Increasing frequency of extreme climate events is likely to impose increased stress on ecosystems, and to jeopardize the services that ecosystems provide. Therefore, it is of major importance to assess the effects of extreme climate events on the temporal stability (i.e. the resistance, the resilience and the variance) of ecosystem properties. Most time series of ecosystem properties are however affected by varying data characteristics, uncertainties and noise, which complicate the comparison of ecosystem stability metrics between locations. Therefore, there is a strong need for a more comprehensive understanding regarding the reliability of stability metrics, and how they can be used to compare ecosystem stability globally.
The objective of this study was to evaluate the performance of temporal ecosystem stability metrics based on time series of the Moderate Resolution Imaging Spectroradiometer (MODIS) derived Normalized Difference Vegetation index (NDVI) of 15 global land cover types. We provide a framework (i) to assess the reliability of ecosystem stability metrics in function of data characteristics, uncertainties and noise, and (ii) to integrate reliability estimates in future global ecosystem stability studies against climate disturbances. The performance of our framework was tested through (i) a global ecosystem comparison and (ii) an comparison of ecosystem stability in response to the 2003 drought. The results show the influence of data quality on the accuracy of ecosystem stability. White noise, biased noise and trends have a stronger effect on the accuracy of stability metrics than the length of the time series, temporal resolution or amount of missing values. Moreover, we demonstrate the importance of integrating reliability estimates to interpret stability metrics within confidence limits. Based on these confidence limits, other studies dealing with specific ecosystem types or locations can be put into context, and a more reliable assessment of ecosystem stability against environmental disturbances can be obtained.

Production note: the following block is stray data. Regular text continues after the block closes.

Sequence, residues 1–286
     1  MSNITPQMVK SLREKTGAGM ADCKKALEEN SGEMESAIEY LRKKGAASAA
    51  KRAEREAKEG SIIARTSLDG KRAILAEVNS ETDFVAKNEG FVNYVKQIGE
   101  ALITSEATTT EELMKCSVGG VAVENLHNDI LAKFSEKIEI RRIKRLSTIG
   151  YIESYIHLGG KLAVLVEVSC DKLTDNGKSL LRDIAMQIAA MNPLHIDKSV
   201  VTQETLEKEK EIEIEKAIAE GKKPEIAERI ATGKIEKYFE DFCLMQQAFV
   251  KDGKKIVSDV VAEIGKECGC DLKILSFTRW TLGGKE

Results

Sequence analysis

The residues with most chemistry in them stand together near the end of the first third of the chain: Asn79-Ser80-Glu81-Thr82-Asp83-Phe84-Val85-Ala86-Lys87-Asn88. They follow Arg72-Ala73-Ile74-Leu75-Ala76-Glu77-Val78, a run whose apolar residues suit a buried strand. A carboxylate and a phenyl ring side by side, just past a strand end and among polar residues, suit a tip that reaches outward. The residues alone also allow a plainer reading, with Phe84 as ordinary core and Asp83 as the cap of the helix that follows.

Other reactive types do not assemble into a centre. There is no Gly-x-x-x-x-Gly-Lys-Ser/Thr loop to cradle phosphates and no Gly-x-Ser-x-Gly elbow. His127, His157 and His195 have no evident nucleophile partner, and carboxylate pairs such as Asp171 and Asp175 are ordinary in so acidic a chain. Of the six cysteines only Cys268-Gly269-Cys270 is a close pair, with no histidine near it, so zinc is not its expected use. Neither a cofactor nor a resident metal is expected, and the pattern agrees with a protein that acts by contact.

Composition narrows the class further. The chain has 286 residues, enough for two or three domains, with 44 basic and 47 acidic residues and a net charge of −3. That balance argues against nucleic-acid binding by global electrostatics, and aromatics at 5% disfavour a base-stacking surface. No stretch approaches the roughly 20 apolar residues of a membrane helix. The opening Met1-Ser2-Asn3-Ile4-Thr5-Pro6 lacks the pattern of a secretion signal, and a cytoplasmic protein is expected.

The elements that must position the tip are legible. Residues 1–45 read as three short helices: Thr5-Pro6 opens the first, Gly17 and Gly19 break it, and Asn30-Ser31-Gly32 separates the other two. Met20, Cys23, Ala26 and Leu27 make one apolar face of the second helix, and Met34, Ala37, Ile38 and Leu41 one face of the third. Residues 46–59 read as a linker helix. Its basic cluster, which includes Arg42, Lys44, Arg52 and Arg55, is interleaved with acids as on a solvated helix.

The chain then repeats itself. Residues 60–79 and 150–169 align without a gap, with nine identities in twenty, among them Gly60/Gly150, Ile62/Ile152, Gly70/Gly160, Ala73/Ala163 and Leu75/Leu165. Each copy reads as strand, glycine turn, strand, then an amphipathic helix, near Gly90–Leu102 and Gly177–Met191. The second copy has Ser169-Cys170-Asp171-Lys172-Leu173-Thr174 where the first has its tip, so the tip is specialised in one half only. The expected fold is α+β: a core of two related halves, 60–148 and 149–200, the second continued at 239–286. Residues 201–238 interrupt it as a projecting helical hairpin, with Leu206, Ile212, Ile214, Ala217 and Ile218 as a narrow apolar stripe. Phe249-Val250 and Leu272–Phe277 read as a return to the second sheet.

W De Keersemaecker, S Lhermitte, O Honnay, J Farifteh, B Somers, P Coppin. How to measure ecosystem stability? An evaluation of the reliability of stability metrics based on remote sensing time series across the major global ecosystems
accepted, Global Change Biology, 2013